"I’d sit cross-legged in the box, filtering the sand over and over again through an old spaghetti strainer, getting rid of the sticks and leaves that had fallen, until it was almost as fine as right after he poured the sand from the bag. That was perfect sand."
Friday, April 6, 2012
Last night, as I handed off my manuscript to one of my beta readers, I nervously prattled on:
"Thanks for doing this."
"I hope this isn't tedious."
"I hope it's at least somewhat enjoyable."
"I hope you don't hate it."
I might have said some other things. You'd have thought I was embarrassed by my writing; that I didn't expect others to enjoy it. But the truth is, this is the scary part. Sending my baby out into the world and hoping she does okay. Can she stand up for herself?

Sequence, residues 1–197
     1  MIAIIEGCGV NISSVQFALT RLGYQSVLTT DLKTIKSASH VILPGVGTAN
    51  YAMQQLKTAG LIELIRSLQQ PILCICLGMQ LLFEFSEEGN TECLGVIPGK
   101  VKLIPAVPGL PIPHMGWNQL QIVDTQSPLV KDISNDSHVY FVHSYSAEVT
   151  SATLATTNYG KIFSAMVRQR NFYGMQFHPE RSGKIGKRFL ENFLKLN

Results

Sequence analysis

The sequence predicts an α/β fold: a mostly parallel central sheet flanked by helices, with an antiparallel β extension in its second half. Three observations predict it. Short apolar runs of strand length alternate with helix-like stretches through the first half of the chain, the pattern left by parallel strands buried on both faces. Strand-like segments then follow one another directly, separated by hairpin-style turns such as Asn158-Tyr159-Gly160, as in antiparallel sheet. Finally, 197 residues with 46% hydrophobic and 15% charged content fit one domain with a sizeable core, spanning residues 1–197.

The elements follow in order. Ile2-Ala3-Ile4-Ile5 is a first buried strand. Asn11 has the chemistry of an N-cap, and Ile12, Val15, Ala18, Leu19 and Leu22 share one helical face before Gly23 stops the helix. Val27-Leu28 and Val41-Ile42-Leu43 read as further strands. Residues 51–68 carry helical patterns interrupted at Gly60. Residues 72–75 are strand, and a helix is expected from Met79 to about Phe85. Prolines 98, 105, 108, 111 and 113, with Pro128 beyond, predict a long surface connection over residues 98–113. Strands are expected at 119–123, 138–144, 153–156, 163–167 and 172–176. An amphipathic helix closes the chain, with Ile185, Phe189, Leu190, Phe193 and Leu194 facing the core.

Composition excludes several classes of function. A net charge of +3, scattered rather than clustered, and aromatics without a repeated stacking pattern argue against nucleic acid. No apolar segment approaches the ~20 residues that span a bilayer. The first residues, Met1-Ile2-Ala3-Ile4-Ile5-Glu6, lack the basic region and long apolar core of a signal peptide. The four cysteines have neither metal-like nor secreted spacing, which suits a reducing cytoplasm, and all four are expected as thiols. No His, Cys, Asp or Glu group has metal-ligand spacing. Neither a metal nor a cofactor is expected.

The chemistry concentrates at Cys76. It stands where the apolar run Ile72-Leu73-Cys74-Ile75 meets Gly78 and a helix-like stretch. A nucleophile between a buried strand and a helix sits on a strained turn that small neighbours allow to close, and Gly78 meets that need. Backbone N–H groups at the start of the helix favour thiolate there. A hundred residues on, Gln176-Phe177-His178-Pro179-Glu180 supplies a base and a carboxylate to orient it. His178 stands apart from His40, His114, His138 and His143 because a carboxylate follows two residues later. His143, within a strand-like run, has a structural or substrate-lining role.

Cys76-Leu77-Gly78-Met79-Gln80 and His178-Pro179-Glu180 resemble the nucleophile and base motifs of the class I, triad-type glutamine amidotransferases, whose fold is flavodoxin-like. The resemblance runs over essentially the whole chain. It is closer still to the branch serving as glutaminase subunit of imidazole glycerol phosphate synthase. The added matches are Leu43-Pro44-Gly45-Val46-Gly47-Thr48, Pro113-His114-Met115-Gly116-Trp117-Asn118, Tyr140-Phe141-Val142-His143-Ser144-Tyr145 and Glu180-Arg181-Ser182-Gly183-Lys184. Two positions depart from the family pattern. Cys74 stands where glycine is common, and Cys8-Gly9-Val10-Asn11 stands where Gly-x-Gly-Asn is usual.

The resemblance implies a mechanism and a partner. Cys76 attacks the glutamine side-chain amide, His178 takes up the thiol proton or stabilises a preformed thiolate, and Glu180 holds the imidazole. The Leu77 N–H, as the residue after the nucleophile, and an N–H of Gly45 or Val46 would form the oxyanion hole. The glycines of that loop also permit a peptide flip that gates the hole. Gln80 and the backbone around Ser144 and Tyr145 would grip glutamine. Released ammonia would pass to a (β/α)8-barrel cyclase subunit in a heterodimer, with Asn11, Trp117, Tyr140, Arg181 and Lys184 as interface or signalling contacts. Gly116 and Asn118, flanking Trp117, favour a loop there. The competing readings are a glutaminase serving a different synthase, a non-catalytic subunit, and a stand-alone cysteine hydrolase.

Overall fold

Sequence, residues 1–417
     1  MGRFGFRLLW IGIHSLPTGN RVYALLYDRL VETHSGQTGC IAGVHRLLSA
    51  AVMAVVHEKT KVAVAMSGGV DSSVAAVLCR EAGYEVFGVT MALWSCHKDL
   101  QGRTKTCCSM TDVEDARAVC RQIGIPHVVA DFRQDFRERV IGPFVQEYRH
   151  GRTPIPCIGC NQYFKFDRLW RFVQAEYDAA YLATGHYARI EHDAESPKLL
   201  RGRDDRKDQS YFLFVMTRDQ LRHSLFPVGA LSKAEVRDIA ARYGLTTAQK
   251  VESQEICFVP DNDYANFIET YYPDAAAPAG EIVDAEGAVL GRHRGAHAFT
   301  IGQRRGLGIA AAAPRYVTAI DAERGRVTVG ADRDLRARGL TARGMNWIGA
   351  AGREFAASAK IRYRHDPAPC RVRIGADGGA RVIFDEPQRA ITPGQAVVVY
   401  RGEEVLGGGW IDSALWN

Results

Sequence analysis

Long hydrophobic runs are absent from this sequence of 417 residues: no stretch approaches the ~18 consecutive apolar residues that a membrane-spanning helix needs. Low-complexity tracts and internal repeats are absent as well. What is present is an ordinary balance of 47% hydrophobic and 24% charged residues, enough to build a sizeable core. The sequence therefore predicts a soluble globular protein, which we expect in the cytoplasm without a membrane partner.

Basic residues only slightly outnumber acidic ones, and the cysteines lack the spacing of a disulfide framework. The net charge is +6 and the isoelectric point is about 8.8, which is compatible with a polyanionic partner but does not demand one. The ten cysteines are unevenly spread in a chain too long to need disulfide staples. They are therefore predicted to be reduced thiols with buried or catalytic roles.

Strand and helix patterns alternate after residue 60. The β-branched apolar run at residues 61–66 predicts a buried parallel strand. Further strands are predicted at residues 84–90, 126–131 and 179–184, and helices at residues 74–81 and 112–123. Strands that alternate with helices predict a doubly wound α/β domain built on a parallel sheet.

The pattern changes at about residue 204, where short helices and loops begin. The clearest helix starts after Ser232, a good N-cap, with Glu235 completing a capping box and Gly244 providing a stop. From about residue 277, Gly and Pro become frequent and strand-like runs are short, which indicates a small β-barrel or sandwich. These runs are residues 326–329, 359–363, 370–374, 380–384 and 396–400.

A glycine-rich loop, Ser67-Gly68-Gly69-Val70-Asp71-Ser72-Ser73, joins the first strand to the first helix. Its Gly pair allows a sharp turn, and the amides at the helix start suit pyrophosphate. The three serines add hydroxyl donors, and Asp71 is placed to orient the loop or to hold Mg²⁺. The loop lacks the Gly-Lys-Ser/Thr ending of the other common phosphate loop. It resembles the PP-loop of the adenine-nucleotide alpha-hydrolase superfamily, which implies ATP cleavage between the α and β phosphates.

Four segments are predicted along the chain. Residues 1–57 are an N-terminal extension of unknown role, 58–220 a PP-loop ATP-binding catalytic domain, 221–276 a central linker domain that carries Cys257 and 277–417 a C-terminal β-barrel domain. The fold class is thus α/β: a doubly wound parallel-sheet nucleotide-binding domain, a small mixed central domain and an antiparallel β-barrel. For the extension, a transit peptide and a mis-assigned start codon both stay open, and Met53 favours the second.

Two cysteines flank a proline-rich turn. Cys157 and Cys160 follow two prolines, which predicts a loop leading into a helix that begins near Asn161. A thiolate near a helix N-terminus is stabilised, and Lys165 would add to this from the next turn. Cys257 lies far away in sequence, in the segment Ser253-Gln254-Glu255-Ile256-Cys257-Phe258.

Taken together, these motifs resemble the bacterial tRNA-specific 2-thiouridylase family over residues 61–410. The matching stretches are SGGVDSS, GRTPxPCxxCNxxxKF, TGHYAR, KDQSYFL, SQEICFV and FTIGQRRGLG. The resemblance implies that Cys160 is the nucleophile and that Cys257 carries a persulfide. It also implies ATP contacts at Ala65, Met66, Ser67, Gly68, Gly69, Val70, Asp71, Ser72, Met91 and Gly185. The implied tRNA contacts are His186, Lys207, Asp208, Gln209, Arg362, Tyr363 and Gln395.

While I was writing, I didn't have these insecurities. It isn't that I was totally confident in everything I typed, just that I wasn't worried about it: I concentrated on the story and the characters. I tried to make the language as sharp as possible.
Here's my baby!
During the next few weeks, as my beta readers critique the 287 pages I've been working on for the last year and a half (geez, that's less than a page a day!) I should start my next project. Do what calms me most: concentrate on characters and story.